Health directors told to keep quiet as Fla. leaders pressed to reopen classrooms

By Andrew Marra / – Posted Aug 7, 2020 at 5:15 AM

“It’s not up to the health department to say a yes or a no,” the governor said.

As Gov. Ron DeSantis pushed this summer for schools to reopen, state leaders told school boards they would need Health Department approval if they wanted to keep classrooms closed.

Then they instructed health directors not to give it.

Following a directive from DeSantis’ administration, county health directors across Florida refused to give school boards advice about one of the most wrenching public health decisions in modern history: whether to reopen schools in a worsening pandemic, a Gannett USA TODAY NETWORK review found.

In county after county the health directors’ refrain to school leaders was the same: Their role was to provide information, not recommendations.

They could not tell school boards whether they believed the risks of opening campuses were too great, they said. They could only provide suggestions on how to reopen safely.

For frustrated school board members, it was a puzzling turnabout. Florida’s public schools have long depended on local health directors for recommendations on everything from reducing encephalitis risks at football games to how to test students during tuberculosis outbreaks.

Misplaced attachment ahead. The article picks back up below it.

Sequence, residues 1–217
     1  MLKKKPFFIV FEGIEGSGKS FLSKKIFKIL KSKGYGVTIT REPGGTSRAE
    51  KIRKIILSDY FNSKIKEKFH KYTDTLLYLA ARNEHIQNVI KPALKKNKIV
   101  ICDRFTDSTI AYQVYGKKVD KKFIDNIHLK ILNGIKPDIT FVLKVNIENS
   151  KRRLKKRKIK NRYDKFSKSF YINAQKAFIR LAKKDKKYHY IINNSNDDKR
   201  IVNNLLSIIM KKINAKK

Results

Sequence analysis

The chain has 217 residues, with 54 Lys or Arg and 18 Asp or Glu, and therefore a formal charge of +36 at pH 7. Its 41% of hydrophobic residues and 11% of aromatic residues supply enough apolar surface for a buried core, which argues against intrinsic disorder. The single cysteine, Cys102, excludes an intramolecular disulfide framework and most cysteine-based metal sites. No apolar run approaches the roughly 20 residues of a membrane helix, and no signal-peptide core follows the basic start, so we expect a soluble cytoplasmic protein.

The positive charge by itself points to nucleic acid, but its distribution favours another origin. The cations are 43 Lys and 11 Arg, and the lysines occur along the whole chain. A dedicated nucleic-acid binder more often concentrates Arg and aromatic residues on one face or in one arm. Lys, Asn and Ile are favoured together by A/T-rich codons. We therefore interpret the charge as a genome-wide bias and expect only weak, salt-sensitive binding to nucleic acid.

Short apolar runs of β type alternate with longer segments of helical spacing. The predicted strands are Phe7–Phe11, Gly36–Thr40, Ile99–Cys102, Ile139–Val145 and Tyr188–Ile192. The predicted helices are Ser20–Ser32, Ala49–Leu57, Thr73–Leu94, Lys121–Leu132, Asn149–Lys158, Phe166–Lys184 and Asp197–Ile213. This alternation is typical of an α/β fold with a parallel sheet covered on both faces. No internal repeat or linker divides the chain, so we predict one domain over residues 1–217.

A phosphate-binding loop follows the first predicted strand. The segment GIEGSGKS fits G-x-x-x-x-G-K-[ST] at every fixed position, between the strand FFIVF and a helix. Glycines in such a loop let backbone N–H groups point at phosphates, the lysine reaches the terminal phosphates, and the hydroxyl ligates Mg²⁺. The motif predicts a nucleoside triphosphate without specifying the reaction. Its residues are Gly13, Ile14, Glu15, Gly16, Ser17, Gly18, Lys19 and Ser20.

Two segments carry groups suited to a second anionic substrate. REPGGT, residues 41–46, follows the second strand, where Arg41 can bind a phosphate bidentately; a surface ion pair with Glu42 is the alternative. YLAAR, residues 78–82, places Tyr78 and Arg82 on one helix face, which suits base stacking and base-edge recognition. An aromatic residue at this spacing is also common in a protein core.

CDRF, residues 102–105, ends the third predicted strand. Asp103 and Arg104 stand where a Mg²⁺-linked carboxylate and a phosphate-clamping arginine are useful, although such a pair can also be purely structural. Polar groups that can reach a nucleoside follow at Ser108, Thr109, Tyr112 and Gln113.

But the directors’ new reticence aligned perfectly with DeSantis’ stated goal of pressuring Florida public schools to offer in-person classes.

Lacking clear guidance from their local health directors, school board members in many counties said they felt compelled to reopen classrooms despite serious misgivings about exposing teachers and students to COVID-19.

Keeping campuses closed, they said, risked violating an edict last month from state Education Commission Richard Corcoran, which decreed public schools “must open brick and mortar schools at least five days per week.”

“When we voted to reopen schools, I’ll be honest and tell you I did it because we are under an executive order to do so,” Marc Dodd, a school board member in Lake County, said last week. “Do I think they’re safe? Absolutely not.”

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